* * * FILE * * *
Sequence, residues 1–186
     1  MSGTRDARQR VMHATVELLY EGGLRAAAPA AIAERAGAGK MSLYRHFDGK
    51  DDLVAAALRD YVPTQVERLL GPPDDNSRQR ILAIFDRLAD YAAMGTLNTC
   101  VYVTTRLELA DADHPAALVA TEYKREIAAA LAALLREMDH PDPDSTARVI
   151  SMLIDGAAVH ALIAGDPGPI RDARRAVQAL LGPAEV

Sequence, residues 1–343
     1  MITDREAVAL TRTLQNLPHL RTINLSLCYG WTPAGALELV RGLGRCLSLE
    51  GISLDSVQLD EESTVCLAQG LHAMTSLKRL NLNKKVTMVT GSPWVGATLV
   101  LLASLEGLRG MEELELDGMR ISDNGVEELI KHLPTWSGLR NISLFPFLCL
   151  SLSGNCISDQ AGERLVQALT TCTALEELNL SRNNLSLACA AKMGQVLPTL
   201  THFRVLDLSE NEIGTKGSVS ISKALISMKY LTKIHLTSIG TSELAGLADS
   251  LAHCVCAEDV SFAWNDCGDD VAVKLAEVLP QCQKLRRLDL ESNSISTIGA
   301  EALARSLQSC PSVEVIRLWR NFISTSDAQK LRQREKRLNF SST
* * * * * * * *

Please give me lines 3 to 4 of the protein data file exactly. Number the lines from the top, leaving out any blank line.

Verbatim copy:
    51  DDLVAAALRD YVPTQVERLL GPPDDNSRQR ILAIFDRLAD YAAMGTLNTC
   101  VYVTTRLELA DADHPAALVA TEYKREIAAA LAALLREMDH PDPDSTARVI